survivorship to be high. I guess that's the way it goes in our climate!
On Mon, 31 Jan 2022 at 19:32, Anthony Overs <> wrote:
And the breeding reporting continues …
The resident Red-browed Finches have produced a trio of young, with the utterly charming little group visiting the bath (and having a bit of seed at the feeder).
The Grey Fantails that breed in the nearby woodlands in The Pinnacle have been successful, with many young birds chasing each other and also using the bath.
The resident Willie Wagtails built a couple of nests, then changed their minds each time and moved. Not sure where the final nest was located, but the pair raised a couple of young that are here much of the day.
Over the last couple of days, a White-throated Treecreeper has ventured down Dungowan St, from The Pinnacle. Possibly a dispersing young bird.
The fairy-wrens reported below actually have three young rather than two. Despite being dependent, they are now much more confident and leave the sanctuary of the dense shrubbery (ni!).
The local Red Wattlebirds have just reared a third brood. They have been lucky not to have to raise a koel, despite their obvious presence in the area.
The Crested Pigeons reported below are sitting on the nest.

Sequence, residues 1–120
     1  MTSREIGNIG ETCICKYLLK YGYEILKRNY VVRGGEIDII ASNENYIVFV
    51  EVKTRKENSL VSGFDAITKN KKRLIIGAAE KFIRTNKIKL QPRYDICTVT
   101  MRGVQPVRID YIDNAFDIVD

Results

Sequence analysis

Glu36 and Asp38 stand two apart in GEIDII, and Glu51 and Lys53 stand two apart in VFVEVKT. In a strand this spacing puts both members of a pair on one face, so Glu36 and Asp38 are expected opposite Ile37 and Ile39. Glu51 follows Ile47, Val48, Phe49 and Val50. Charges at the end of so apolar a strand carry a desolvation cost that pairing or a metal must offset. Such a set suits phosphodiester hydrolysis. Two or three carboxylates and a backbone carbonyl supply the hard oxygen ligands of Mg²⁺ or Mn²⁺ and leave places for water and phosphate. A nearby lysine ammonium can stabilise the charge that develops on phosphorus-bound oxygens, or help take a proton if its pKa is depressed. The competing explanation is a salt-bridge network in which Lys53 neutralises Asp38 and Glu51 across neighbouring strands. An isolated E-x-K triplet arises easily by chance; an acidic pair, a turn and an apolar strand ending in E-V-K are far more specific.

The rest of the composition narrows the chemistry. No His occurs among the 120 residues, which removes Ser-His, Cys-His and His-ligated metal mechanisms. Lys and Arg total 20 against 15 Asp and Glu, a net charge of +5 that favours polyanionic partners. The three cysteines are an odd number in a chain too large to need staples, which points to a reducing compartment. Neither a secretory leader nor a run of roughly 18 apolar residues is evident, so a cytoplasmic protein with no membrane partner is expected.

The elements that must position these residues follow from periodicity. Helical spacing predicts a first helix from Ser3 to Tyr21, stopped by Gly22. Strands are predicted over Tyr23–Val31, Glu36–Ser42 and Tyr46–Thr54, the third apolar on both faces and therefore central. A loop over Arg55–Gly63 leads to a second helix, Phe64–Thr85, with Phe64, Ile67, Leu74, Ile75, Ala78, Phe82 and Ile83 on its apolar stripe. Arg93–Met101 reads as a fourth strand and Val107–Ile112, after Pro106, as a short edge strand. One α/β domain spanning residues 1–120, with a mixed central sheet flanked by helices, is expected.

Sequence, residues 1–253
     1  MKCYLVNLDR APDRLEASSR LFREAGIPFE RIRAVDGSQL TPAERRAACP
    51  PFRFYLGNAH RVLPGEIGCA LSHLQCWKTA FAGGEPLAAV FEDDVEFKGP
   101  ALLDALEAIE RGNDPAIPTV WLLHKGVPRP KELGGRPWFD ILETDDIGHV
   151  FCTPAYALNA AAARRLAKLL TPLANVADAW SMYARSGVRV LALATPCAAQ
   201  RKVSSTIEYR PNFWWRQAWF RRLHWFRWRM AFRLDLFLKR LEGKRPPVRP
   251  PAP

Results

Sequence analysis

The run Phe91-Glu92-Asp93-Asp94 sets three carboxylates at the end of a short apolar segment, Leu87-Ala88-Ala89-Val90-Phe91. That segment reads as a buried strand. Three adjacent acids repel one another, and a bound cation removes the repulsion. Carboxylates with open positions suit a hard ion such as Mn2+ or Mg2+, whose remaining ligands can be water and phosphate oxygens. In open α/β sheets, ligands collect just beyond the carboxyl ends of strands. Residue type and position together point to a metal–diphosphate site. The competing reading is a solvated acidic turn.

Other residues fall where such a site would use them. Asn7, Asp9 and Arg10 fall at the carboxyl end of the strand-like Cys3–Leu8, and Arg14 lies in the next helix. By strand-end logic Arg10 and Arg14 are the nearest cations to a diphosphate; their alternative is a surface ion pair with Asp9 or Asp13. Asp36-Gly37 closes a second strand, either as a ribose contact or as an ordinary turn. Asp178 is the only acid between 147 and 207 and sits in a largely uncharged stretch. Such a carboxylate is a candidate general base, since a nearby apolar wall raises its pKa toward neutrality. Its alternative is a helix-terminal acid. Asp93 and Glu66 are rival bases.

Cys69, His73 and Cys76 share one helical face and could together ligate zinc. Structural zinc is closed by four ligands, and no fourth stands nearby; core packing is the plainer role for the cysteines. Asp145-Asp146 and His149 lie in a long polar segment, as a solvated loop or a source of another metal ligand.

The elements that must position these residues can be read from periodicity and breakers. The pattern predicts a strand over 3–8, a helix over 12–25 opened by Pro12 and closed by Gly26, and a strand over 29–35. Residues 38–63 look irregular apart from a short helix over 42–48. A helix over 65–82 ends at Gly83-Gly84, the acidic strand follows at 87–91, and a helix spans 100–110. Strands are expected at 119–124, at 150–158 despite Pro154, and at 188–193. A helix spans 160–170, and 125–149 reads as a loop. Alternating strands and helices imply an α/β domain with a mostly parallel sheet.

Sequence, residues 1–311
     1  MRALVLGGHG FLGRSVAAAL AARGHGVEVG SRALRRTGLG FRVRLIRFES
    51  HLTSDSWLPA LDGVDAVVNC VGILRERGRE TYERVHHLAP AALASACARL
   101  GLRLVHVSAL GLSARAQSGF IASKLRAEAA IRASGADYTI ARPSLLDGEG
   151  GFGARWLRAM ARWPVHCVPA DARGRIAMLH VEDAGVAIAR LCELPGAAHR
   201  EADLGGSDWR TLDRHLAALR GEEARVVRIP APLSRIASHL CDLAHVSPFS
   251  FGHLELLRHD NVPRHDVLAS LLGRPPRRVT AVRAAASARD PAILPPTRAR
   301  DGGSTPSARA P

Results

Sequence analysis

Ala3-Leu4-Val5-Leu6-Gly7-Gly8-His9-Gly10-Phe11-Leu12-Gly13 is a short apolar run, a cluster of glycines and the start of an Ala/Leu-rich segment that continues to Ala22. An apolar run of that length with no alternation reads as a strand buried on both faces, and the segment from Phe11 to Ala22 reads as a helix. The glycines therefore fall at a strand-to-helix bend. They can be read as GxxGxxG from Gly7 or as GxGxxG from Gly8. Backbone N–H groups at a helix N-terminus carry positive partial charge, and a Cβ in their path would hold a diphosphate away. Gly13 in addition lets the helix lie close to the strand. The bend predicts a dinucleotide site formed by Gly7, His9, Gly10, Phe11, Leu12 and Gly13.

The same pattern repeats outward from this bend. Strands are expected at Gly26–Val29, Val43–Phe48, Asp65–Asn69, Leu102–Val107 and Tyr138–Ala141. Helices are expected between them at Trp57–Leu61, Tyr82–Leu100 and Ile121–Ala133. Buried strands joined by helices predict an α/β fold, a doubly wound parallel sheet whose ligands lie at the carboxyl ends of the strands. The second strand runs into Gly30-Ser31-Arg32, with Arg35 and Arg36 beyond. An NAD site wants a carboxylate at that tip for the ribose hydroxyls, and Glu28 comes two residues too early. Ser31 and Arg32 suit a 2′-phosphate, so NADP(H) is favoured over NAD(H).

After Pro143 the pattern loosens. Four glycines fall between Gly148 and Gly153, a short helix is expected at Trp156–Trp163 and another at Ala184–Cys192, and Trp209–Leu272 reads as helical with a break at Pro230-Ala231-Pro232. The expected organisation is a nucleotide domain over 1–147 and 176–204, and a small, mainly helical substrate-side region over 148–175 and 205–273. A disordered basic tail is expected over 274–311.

> On 12 Jan 2022, at 8:46 am, Anthony Overs <> wrote:
> It is absolute chaos in my yard at the moment with so many small birds about, including many young. It’s like an air traffic controller is required!
> Breeding shows no sign of slowing down, and why would it with abundant food resources available.
> Eastern Spinebills have a third distinct brood (based on plumage changes) just fledged, with brand new young being fed by adults. However there are several pairs in my neighbourhood so I’m assuming that the three broods are from different pairs (oh to have
them banded!) We have yet to find an active nest.
> A pair of Brown Thornbills has had two broods. A pair of Scrubwrens has had one.
> The Superb Fairy-wrens on the eastern side of the house (they actually nest across the street in my friend’s yard) have just turned up with their second brood of two young. The family on the west of the house fledged two young about three weeks ago. My wife
suggested that it’s a wrenaissance (see the ABC article from this morning).
> Silvereyes all of a sudden seem to reappear, having doubled their numbers overnight with so many young with them.
> On to larger birds, the Red Wattlebird pair has had two broods of two.
> Crested Pigeons reported on previously lost a second nest, in a different location to that of the first nest, and are now frantically rebuilding in the original location.
> Families of Eastern and Crimson Rosellas, and Red-rumped Parrots have all been visiting the baths in the front yard and the apple tree out the back.
> A pair of Australian Ravens and their two young have been around for quite some time. One of the adults wails in the most over the top, melodramatic fashion, while the two kids just do not stop talking!!
> I also have four Uperoleia laevigata individuals in the front yard!